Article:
Police officers asserting their right to grow facial hair received a victory Wednesday, when the Supreme Administrative Court turned down the interior minister's challenge to a previous court ruling ordering the dismissed officers reinstated.
In March, Interior Minister Mohamed Ibrahim demoted 17 police officers for growing their beards in violation of ministry rules related to officer appearance. The officers alleged dozens of other policemen had been suspended for the same reason and the group filed a lawsuit challenging the decision.
The court's advisory panel, the State Commissioners Authority, had supported a final ruling granting policemen the right to grow their beards, affirming the previous Alexandria Administrative Court ruling to that effect.
The interior minister had challenged the Alexandria court ruling, saying personnel disciplinary measures are the purview of ministry committees and do not fall within the jurisdiction of administrative courts.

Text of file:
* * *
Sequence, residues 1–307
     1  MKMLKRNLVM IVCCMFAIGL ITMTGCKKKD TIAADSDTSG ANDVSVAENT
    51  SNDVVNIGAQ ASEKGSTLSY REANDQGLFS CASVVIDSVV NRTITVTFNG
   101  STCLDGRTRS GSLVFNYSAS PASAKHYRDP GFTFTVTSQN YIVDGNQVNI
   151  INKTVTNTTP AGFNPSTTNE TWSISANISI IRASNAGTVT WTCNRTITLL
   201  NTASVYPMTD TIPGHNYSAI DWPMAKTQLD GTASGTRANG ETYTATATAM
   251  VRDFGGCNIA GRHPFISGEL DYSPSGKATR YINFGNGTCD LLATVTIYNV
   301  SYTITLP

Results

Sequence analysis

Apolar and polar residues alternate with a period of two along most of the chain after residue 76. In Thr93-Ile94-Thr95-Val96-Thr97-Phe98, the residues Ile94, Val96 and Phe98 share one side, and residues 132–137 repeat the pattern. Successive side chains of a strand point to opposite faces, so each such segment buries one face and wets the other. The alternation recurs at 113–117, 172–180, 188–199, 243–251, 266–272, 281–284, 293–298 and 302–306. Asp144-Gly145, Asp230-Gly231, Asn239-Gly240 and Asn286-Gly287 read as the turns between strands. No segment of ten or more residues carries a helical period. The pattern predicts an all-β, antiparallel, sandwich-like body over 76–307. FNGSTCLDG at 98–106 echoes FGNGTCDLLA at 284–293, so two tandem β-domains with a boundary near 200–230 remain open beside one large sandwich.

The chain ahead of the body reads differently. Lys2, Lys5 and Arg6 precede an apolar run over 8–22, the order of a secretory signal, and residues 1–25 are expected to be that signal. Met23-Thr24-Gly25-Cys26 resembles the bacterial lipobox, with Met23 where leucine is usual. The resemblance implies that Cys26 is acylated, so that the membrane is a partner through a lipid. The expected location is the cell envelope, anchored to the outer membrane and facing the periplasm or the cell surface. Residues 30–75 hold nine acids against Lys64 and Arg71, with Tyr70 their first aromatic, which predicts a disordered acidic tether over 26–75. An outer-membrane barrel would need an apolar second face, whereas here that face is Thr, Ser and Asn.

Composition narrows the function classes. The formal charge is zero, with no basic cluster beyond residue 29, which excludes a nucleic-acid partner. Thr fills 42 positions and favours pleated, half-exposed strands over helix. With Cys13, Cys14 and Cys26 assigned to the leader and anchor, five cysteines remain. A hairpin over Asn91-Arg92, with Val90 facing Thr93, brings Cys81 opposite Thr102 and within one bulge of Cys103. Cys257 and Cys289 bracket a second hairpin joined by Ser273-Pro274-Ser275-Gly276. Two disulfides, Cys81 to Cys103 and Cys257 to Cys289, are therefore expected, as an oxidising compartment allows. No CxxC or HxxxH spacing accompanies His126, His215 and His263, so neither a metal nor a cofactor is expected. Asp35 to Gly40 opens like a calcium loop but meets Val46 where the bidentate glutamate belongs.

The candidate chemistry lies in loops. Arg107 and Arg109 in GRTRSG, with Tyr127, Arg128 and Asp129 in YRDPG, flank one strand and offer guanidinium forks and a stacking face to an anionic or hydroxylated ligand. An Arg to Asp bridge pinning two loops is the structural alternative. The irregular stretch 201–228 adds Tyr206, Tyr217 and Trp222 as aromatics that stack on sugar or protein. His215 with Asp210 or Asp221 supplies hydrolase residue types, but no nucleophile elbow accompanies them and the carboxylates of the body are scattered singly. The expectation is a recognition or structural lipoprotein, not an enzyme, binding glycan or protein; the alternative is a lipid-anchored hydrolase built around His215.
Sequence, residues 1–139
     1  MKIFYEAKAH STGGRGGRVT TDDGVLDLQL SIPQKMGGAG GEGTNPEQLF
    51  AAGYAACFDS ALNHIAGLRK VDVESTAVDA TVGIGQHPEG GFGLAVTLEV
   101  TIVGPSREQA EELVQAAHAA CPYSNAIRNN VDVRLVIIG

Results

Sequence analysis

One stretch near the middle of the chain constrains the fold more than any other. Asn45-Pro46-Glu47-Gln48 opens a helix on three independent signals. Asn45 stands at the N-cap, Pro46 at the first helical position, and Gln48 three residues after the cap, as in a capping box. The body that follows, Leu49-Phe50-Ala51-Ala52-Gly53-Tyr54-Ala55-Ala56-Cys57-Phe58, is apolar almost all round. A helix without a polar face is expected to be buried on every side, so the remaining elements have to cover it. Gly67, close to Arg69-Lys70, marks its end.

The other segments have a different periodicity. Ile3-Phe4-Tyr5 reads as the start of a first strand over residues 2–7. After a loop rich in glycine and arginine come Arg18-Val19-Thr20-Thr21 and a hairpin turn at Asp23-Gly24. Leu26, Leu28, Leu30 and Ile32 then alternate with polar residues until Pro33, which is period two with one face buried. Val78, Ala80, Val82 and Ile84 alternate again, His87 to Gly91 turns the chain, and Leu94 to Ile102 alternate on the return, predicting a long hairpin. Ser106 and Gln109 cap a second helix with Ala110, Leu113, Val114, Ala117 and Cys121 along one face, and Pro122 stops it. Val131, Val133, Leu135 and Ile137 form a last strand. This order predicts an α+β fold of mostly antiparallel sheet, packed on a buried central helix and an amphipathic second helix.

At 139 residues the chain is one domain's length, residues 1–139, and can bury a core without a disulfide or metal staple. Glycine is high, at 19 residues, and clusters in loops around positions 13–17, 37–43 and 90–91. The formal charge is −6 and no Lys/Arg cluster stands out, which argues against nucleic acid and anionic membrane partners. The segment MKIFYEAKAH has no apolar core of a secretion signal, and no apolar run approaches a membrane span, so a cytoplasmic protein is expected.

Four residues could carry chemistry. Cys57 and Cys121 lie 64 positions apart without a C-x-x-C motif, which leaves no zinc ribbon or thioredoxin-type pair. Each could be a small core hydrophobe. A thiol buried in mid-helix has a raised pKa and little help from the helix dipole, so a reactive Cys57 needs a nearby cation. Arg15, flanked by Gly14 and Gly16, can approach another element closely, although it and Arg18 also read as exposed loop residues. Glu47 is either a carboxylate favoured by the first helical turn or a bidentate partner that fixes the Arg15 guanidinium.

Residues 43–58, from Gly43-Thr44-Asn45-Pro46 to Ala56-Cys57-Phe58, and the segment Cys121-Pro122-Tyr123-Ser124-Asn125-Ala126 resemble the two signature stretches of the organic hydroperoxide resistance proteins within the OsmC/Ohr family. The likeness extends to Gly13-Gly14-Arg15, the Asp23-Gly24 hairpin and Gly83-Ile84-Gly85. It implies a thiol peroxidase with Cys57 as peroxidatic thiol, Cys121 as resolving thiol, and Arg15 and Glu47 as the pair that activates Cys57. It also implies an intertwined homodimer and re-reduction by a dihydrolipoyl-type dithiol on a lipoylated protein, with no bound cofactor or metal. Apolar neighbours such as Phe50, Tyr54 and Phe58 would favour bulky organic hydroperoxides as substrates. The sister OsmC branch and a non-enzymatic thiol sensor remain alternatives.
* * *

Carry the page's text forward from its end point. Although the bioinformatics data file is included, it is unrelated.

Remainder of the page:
The commissioners' opinion said the Constitution protects personal freedoms and rights and that growing a beard is a religious practice. The act does not violate the law governing police forces, Law 109/1971, nor ministry regulations issued in 2012, or threaten public interest, according to the report prepared by Mohamed Hendawy, who is also vice president of the State Council.
The law allows the Interior Ministry mechanisms for disciplining officers who do not fulfill their duties, but growing a beard does not constitute a breach of duty or require punishment, the commissioners said.
The Administrative Court in Alexandria had said allowing officers to grow their beards would not threaten the public interest, undermine their work, or diminish people’s trust.
Administrative judiciary circuits in Beheira and Tanta also ruled against the Interior Ministry’s decision last year, while the Cairo Administrative Court upheld the disciplinary measures in July.